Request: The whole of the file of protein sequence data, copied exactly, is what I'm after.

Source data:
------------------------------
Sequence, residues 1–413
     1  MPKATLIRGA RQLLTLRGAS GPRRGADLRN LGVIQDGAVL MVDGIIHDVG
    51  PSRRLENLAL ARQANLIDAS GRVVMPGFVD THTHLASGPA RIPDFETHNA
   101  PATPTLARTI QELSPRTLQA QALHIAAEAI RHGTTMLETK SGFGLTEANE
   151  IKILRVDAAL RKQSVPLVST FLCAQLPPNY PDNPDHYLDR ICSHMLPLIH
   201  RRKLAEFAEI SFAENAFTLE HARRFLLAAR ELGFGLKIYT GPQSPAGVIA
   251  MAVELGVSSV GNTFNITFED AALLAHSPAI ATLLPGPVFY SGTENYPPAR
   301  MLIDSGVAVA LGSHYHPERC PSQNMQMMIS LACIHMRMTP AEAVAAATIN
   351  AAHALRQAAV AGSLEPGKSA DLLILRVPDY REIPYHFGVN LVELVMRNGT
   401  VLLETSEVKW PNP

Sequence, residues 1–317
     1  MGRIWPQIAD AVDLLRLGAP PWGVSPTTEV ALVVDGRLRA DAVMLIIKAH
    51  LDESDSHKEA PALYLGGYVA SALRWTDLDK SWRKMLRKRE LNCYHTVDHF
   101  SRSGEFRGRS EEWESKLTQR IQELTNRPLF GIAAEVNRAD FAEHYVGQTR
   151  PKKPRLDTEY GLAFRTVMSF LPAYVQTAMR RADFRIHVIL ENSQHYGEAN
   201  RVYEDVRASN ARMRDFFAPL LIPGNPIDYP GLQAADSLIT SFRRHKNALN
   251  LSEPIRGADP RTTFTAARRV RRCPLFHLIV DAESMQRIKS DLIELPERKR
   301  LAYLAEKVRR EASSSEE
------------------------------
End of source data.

Sequence, residues 1–413
     1  MPKATLIRGA RQLLTLRGAS GPRRGADLRN LGVIQDGAVL MVDGIIHDVG
    51  PSRRLENLAL ARQANLIDAS GRVVMPGFVD THTHLASGPA RIPDFETHNA
   101  PATPTLARTI QELSPRTLQA QALHIAAEAI RHGTTMLETK SGFGLTEANE
   151  IKILRVDAAL RKQSVPLVST FLCAQLPPNY PDNPDHYLDR ICSHMLPLIH
   201  RRKLAEFAEI SFAENAFTLE HARRFLLAAR ELGFGLKIYT GPQSPAGVIA
   251  MAVELGVSSV GNTFNITFED AALLAHSPAI ATLLPGPVFY SGTENYPPAR
   301  MLIDSGVAVA LGSHYHPERC PSQNMQMMIS LACIHMRMTP AEAVAAATIN
   351  AAHALRQAAV AGSLEPGKSA DLLILRVPDY REIPYHFGVN LVELVMRNGT
   401  VLLETSEVKW PNP

Sequence, residues 1–317
     1  MGRIWPQIAD AVDLLRLGAP PWGVSPTTEV ALVVDGRLRA DAVMLIIKAH
    51  LDESDSHKEA PALYLGGYVA SALRWTDLDK SWRKMLRKRE LNCYHTVDHF
   101  SRSGEFRGRS EEWESKLTQR IQELTNRPLF GIAAEVNRAD FAEHYVGQTR
   151  PKKPRLDTEY GLAFRTVMSF LPAYVQTAMR RADFRIHVIL ENSQHYGEAN
   201  RVYEDVRASN ARMRDFFAPL LIPGNPIDYP GLQAADSLIT SFRRHKNALN
   251  LSEPIRGADP RTTFTAARRV RRCPLFHLIV DAESMQRIKS DLIELPERKR
   301  LAYLAEKVRR EASSSEE